Ingredients
2 tbsp unflavored gelatin powder
1 qt bottled unsweetened apple juice
2 tbsp bottled lemon juice
2 tbsp liquid Saccharin sweetener
Food coloring, if desired

Yield: 4 half-pints

Preparation: In a saucepan, soften gelatin in apple and lemon juices. To dissolve gelatin, bring to a full rolling boil and boil 2 minutes. Remove from heat. Stir in sweetener and food coloring, if desired. Pour into sterile half-pint jars, leaving 1/4-inch headspace. Adjust lids. Do not process or freeze—store in refrigerator and use within 4 weeks.

Variation: For spiced apple jelly, add two 3-inch sticks of cinnamon and four whole cloves to mixture before boiling. Remove spices before adding the sweetener and food coloring.


Peach-Pineapple Spread

Ingredients
4 cups drained peach pulp
2 cups drained, unsweetened crushed pineapple
1/4 cup bottled lemon juice
2 cups sugar (optional)

Yield: 5 to 6 half-pints

Preparation: Thoroughly wash 4 to 6 pounds of firm, ripe peaches. Drain well. Peel and remove pits. Grind fruit flesh with a medium or coarse blade, or crush with a fork. Do not use a blender. Place ground or crushed peaches in a 2-quart saucepan. Heat slowly to release juice, stirring constantly, until fruit is tender. Place cooked fruit in a jelly bag or strainer lined with four layers of cheesecloth. Allow juice to drip about 15 minutes. Save the juice for jelly or other uses. Measure 4 cups of drained fruit pulp for making spread. Combine the 4 cups of pulp with pineapple and lemon juice in a 4-quart saucepan. Add up to 2 cups of sugar, if desired, and mix well. Heat and boil gently for 10 to 15 minutes, stirring often. Transfer quickly into jars, leaving 1/4-inch headspace. Adjust lids and process jars using times given in Table 1.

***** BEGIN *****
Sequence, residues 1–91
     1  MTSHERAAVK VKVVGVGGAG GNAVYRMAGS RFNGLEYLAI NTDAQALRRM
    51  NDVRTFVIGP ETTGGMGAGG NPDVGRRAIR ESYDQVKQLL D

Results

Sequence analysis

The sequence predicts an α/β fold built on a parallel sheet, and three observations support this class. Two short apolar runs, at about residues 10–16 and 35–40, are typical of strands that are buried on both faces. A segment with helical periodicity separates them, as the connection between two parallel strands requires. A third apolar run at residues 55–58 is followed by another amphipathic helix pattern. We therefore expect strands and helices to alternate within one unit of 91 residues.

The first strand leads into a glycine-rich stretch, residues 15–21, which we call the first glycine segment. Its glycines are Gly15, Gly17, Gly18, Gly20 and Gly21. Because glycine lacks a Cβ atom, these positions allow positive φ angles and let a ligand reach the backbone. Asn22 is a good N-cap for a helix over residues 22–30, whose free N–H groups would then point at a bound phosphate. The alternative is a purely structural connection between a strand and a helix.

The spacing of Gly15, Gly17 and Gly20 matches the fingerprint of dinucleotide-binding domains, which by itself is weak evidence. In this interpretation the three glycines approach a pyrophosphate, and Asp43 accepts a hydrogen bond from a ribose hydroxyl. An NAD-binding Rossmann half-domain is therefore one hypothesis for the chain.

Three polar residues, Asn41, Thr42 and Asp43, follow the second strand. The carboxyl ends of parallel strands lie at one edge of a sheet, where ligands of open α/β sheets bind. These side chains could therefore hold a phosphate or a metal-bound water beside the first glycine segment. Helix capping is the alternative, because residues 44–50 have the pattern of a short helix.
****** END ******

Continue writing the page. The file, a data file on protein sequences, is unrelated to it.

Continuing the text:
Variation: The above recipe may also be made with any combination of peaches, nectarines, apricots, and plums. It may also be made without sugar, or with less than 2 cups sugar. Nonnutritive sweeteners may be added; however, the sweetening power of aspartame may be lost within 3 to 4 weeks.

Nutritional Information

Table 4. Average Nutritional Content of a Tablespoon Serving of Jam or Jelly
Canned jam Canned jelly
Calories 54 49
Carbohydrates 14 g 12.7 g
Fats - -
Sodium 2 mg 3 mg

Information in this publication is provided purely for educational purposes. No responsibility is assumed for any problems associated with the use of products or services mentioned. No endorsement of products or companies is intended, nor is criticism of unnamed products or companies implied.

© 1995, 2007